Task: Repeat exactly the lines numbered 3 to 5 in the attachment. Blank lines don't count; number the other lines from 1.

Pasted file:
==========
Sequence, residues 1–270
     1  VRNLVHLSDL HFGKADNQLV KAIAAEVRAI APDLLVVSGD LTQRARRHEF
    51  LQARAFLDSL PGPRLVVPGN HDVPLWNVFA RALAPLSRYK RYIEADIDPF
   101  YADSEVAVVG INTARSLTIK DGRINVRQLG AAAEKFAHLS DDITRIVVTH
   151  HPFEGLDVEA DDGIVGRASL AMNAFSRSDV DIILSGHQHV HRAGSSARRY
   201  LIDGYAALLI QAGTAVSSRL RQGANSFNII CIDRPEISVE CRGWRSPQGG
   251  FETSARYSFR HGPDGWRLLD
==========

    51  LQARAFLDSL PGPRLVVPGN HDVPLWNVFA RALAPLSRYK RYIEADIDPF
   101  YADSEVAVVG INTARSLTIK DGRINVRQLG AAAEKFAHLS DDITRIVVTH
   151  HPFEGLDVEA DDGIVGRASL AMNAFSRSDV DIILSGHQHV HRAGSSARRY